China said that it’s only motive to build the station is for observation purposes which also helped them land a spacecraft on the dark side of the moon (January 2019). It will also in their terms act as a monument of peace between the two concerned nations. But one cannot again undermine the possibility of a politically irresolute establishment, one that does not allow its own countrymen to visit and inspect in any order except for school trips for students and periodic visits by the CONAE. Other concerning issues looming around include the whole debate of ‘militarizing’ space, something that is fueled by the USA. It might also interfere with the other observatory stations and consequently satellites in place, not discarding China’s long history of hacking and heckling into (classified) government data.

Chinese Space Facility Patagonia, Argentina/ Image source: Reuters

My claims can of course be judged as precarious; my conclusions preposterous. But no can deny the sheer abruptness and suddenness of a deal that took place between the farthest of the countries on the global map. The collaboration of CONAE (Argentine government’s space unit) and CNSA (the Chinese counterpart) is symbolic in nature, that represents many more agreements and treaties to be ratified in the coming time; ‘Space’ it seems is an easy target.

Some people do have contrasting views regarding this, with many saying that it is the symbol of new world power in place, something that the world should move on from the Western dominance of the USA and Europe and away from the Science-based monopoly. The world needs a balance and it is time to be optimistic about such projects and not negate them and throw them in a cob of tangled conspiracies (something USA is good at doing). Moreover, the growing scope of a revived economy due to Chinese investors and an increase in the number of job opportunities is a positive sign, so why worry about it and be pessimistic? Maybe, it is about Science. Maybe, it is about mutual cooperation. Maybe it is finally about humanity more than anything else. Only time will tell.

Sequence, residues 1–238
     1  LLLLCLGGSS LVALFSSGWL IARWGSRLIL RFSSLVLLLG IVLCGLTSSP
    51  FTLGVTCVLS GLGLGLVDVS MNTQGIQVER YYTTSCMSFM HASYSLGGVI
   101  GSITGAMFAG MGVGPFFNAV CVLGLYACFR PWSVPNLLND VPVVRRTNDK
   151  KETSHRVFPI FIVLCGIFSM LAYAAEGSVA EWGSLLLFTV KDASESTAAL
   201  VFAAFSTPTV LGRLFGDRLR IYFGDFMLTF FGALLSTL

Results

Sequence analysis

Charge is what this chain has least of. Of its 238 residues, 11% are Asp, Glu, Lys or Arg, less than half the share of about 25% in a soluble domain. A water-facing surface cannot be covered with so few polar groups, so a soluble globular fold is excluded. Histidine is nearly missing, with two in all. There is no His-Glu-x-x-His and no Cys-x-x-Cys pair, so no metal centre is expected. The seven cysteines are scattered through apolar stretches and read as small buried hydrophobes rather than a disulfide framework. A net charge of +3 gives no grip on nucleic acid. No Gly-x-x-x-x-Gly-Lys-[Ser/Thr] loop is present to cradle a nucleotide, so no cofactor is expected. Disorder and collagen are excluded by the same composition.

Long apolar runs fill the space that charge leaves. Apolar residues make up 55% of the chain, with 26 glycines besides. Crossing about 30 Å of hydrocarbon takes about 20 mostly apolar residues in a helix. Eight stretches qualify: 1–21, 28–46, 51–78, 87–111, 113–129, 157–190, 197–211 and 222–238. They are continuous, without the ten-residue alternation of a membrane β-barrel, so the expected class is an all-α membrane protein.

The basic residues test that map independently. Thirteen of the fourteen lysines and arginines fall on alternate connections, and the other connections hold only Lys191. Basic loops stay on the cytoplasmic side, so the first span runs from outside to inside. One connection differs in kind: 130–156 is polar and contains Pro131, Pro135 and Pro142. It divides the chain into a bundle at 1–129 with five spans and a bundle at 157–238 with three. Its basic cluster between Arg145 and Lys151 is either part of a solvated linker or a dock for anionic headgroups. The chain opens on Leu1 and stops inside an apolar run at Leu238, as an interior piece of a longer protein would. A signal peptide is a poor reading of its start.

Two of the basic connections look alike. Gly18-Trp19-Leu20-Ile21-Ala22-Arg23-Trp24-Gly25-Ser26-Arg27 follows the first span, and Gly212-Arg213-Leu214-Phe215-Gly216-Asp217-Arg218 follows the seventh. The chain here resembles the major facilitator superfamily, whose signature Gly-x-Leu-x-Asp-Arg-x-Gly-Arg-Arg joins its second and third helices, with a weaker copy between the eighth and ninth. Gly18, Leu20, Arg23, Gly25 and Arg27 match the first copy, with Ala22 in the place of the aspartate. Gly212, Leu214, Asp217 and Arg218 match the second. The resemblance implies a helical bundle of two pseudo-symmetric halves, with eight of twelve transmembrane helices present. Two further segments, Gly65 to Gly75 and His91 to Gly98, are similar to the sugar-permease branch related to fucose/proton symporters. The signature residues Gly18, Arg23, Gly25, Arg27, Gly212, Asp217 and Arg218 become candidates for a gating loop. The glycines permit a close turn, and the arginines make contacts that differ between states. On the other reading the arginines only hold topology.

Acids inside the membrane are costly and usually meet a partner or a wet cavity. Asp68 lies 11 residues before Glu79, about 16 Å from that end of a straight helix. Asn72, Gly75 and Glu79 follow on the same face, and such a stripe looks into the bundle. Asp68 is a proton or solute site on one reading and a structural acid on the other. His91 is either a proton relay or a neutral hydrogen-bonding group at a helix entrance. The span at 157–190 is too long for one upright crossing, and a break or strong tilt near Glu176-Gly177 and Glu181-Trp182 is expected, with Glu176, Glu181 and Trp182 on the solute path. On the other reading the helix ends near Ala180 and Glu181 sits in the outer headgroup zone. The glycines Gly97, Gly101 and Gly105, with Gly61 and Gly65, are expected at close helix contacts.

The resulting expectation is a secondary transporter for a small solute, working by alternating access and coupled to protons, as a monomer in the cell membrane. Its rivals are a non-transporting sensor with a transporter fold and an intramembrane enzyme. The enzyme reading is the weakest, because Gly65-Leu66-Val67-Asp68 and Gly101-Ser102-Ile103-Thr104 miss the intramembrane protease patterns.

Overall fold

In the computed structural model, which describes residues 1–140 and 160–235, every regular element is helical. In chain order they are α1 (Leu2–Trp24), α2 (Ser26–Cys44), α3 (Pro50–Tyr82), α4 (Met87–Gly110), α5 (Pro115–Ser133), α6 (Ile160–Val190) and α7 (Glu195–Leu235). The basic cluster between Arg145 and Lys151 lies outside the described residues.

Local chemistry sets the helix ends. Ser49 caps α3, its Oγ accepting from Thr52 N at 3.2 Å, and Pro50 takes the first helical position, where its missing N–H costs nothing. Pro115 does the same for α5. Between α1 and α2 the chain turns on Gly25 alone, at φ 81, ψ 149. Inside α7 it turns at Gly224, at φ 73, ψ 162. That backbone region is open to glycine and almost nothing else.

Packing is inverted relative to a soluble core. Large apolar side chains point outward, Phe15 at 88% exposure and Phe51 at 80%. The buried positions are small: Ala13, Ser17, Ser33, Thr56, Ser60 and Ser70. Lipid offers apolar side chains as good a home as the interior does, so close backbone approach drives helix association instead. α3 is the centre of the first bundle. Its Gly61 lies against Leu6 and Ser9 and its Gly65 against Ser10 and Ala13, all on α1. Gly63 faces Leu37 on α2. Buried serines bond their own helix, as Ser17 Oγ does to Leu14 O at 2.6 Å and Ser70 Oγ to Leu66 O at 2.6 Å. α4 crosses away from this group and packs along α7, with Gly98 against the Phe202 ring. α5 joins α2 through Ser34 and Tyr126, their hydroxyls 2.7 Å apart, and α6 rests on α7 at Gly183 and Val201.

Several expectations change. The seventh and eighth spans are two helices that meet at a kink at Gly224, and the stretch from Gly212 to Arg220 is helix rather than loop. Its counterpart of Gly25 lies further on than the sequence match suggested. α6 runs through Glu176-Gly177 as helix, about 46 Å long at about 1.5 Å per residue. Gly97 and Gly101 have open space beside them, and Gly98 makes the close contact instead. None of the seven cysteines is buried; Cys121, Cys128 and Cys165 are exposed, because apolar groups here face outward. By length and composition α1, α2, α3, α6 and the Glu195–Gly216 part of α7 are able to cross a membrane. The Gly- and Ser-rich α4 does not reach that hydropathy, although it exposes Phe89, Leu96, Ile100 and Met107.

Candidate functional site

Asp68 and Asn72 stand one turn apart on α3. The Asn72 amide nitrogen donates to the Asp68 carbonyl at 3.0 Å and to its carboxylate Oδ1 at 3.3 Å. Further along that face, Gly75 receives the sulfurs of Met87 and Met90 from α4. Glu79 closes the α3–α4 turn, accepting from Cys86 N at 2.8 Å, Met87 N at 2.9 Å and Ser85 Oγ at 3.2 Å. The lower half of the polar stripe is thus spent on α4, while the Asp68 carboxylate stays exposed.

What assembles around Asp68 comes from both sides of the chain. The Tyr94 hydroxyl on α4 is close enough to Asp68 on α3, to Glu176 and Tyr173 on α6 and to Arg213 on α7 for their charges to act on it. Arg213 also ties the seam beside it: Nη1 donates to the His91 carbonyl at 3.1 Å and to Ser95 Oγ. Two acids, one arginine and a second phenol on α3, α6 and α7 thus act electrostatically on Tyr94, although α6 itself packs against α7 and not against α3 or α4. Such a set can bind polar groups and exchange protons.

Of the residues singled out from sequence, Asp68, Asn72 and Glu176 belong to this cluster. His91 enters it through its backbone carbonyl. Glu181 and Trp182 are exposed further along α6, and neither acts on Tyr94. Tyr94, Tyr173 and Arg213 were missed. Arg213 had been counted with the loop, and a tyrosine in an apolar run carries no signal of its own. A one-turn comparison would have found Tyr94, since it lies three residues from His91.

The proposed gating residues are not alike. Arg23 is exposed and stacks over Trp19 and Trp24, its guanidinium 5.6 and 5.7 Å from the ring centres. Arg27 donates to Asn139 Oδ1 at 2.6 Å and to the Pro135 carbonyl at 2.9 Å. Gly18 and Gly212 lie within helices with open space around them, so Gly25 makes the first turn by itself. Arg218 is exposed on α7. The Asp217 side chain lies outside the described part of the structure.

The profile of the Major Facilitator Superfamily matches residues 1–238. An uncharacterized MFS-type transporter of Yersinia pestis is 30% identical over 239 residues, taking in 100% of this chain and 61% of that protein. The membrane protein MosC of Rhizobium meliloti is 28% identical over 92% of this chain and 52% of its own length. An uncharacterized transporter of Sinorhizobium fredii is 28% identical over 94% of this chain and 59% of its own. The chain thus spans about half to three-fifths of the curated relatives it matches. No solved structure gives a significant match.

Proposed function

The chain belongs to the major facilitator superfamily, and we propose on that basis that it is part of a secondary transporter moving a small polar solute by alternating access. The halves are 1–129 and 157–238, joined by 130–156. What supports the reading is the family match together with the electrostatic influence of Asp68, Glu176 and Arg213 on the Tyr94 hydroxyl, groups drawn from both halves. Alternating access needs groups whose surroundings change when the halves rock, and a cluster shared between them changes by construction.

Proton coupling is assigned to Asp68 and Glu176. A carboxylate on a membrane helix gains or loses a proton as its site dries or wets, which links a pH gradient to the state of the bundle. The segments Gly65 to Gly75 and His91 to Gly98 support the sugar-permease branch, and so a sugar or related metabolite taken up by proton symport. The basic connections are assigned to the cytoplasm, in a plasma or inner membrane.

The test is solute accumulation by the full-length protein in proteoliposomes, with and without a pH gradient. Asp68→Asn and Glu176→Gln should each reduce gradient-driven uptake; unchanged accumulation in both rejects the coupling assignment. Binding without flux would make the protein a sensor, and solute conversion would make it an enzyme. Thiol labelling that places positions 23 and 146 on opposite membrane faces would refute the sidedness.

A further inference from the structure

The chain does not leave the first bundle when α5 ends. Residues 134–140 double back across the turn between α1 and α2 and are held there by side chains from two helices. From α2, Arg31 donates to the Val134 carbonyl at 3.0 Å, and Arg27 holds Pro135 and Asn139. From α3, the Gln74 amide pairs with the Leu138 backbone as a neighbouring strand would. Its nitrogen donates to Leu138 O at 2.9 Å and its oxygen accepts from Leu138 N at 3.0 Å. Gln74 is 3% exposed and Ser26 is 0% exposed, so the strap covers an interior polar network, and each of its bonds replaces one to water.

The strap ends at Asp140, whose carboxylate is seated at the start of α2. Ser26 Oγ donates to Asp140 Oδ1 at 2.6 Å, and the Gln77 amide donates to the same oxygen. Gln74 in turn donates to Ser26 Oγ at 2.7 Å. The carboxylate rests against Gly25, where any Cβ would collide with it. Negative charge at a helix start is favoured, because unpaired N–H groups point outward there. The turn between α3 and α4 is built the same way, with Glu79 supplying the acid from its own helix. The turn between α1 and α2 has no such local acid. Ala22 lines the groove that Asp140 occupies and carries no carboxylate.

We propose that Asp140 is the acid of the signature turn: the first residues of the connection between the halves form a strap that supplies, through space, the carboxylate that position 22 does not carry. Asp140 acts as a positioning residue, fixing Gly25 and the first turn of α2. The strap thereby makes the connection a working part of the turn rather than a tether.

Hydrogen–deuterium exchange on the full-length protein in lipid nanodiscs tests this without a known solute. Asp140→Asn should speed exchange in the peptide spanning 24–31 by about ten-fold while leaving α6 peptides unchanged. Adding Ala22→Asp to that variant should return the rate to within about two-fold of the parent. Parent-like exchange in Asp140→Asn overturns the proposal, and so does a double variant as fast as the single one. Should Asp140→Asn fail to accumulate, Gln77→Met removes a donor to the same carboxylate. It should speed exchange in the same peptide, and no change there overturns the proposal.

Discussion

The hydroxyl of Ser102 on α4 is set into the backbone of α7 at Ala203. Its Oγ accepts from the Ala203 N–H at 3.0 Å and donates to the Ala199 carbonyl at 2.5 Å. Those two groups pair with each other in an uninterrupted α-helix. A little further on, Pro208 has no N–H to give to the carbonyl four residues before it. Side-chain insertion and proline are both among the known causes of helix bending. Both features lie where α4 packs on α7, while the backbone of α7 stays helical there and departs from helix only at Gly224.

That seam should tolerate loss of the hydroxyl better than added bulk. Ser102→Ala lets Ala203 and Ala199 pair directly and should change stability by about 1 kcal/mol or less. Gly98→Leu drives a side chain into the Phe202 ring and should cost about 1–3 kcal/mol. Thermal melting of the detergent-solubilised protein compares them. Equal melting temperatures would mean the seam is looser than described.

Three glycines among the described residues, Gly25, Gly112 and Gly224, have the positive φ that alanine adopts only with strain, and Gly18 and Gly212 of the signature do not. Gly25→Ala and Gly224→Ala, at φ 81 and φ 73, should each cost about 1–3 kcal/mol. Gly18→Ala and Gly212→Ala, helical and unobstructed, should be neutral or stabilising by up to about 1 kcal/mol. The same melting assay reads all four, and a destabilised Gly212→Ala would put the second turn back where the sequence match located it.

China will no doubt keep its scientific progress and experiments up its feet. It will eventually realize the Red Dragon can only ‘consume’ enough. But for now, it’s on a ride. Out of all the space research, the most significant other than the manned mission will be the GPS satellites and the global control of it. It will play a crucial role in world politics in the next two decades.

Nevertheless, Argentina will have to be careful in the ways it agrees to these bilateral agreements. The people of the country are hardworking and have the capability of being self-sufficient if required. Petty politics and corruption should not become a hindrance to that. Besides this, the constant shift in the world order and pivotal role-play of different nations will also matter to the still-developing nations like Argentina. The November elections in the USA will be an interesting watch.

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The views and opinions expressed in this article are those of the author and do not necessarily reflect the views of The Kootneeti Team

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Vidhi Bubna

Vidhi Bubna is a freelance journalist who covers international relations, diplomacy and social issues.